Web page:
Acquisition of this land by a preservation group or a public body, for eventual addition to or as a supplement to the county park at the James Monroe birth site, is its highest and best use..
Because the rezoning applicant's property is a part of the original Monroe farm, and is fairly near the original farmhouse site, it is very likely that there are significant archaeological sites on the property associated with President Monroe.
In fact, the Monroe family cemetery is very likely on this property. This entire tract must be carefully surveyed by Department of Historic Resources-approved archaeologists before any development can occur. We understand that the Department has told the county it is willing to assist the county with grants towards archaeological investigation.
While the Foundation opposes any non-agricultural development, we believe that the county must insist on a full archaeological site investigation of the entire property, with pledges not to disturb any sites which are found, and to create or leave in place substantial tree buffers between this property and the county-owned Monroe land, and along Route 205, as required conditions for any rezoning or development of this property.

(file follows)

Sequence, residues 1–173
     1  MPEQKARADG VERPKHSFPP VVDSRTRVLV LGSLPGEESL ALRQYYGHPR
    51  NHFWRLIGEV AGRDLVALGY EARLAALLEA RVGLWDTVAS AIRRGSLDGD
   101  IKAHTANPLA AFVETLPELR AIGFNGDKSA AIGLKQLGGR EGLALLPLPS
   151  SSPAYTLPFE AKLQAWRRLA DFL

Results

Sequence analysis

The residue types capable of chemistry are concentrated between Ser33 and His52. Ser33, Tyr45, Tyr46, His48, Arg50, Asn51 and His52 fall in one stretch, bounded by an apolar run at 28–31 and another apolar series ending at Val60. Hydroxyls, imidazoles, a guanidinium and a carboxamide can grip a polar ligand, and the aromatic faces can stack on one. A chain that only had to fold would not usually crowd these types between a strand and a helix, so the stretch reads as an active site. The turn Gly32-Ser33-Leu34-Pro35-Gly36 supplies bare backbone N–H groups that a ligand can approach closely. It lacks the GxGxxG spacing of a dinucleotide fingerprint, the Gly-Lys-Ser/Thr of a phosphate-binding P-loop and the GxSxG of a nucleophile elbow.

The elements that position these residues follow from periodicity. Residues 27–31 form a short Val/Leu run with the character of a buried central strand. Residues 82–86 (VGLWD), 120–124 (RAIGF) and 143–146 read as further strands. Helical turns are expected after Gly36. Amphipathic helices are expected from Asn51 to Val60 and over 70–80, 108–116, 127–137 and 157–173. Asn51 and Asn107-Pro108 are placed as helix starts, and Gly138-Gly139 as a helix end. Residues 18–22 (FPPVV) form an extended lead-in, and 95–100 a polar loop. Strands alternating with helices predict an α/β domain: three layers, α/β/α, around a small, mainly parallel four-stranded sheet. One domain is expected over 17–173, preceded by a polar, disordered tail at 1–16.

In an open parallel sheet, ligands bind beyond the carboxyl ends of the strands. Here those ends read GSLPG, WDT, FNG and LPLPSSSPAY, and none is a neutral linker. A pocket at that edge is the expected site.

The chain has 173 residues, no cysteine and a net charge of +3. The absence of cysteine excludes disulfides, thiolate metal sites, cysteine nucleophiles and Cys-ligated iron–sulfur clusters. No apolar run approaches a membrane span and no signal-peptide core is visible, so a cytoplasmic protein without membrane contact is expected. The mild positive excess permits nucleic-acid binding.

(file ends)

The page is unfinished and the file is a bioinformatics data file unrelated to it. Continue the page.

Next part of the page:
\Not only Association for the Preservation of Virginia Antiquities [APVA], which protects many historical sites in Virginia, but also the National Trust for Historic Preservation, have said that the proposed residential development could destroy this historic site.
Conservation easements or sale to a preservation group are the intelligent way for the owner to realize any appreciated value in this property, not to construct a crowded subdivision.
Any non-agricultural use of the land, such as its proposed use for a crowded subdivision, will unduly tax the county and state resources. Crowded subdivisions typically cost counties money, in terms of the public support services which subdivision residents need.
In fact, most counties estimate that the per home cost of subdivisions to a county is in the $25,000 - $30,000 range. Using this estimate, a 109-home crowded subdivision could cost this county $3.27 million in long-term costs.
If the county believes that it needs a new subdivision, the county needs to at least delay this until an appropriate proffer system is put in place to help the county cover these costs